This is surprising. It’s not like the NFL is underpinned by cronyism and general shadiness or anything.
The tax reform bill unveiled this week by House Republicans would do away with the federal tax exemption for municipal bonds, commonly claimed by states and cities to subsidize the construction of stadiums.
The National Football League is gearing up big time to lobby against it, The Wall Street Journal reported this week.
Municipal bonds were made tax exempt in 1986 as a way to encourage investors to buy them at lower interest rates, saving cities money when they need to build new infrastructure or make expensive repairs. While the bonds are designed for building roads, sewer systems, and schools, cities have issued more than $13 billion in untaxed bonds for stadium projects since 2000, according to a recent Brookings Institute estimate.
There’s bipartisan support for directing the exemption specifically for public infrastructure, rather than multi-billion dollar playgrounds for multi-millionaire athletes and billionaire franchise owners. Sens. Cory Booker (D–N.J.) and James Lankford (R–Okla.) in June introduced an independent piece of legislation to prohibit local officials from using municipal bonds for stadium projects.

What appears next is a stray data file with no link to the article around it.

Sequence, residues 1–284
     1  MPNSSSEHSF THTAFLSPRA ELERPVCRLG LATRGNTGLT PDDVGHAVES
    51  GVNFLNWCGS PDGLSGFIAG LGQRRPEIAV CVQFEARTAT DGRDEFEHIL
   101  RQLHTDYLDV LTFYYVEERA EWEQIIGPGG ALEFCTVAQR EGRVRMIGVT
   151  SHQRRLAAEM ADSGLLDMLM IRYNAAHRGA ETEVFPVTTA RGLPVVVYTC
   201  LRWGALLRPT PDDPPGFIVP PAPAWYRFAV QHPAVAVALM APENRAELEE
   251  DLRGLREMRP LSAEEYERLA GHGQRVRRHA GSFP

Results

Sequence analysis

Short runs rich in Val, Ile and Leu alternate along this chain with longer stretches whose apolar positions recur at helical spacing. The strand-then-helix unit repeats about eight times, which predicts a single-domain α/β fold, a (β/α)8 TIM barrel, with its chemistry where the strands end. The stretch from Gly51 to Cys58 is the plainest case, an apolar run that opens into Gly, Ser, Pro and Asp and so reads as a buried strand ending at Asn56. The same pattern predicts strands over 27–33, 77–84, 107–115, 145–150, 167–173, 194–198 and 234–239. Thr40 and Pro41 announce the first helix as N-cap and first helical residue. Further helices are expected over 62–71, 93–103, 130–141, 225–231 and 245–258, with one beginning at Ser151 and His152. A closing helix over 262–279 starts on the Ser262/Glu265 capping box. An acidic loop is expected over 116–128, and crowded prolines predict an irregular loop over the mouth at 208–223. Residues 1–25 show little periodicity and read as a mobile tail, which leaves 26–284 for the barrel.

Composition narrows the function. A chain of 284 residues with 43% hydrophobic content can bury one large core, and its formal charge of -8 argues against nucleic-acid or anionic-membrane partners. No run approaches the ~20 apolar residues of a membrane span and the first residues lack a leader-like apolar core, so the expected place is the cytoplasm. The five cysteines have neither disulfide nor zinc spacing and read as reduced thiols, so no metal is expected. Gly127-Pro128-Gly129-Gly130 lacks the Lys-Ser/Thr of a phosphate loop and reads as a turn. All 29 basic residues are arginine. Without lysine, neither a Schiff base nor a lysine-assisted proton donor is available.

If that prohibition becomes law—either on its own or as part of a revamped federal tax code—those “unseen subsidies” would go away and the cost of those projects would increase. So, too, would public opposition to spending public money on stadiums.
A couple things must be noted. Generally tax breaks are a good thing. Though they can be crony if one company gets a break and another doesn’t, for instance. And tax breaks aren’t “subsidies”. Subsidies are paid by tax payers. Breaks allow people to keep their money, which generally should be the goal. Tax free municipal bonds are good things generally in our estimation. Better to float a bond than raise taxes.
However we are not talking about roads, or even a school here. We are talking about stadiums for private sports teams. And that is an important difference.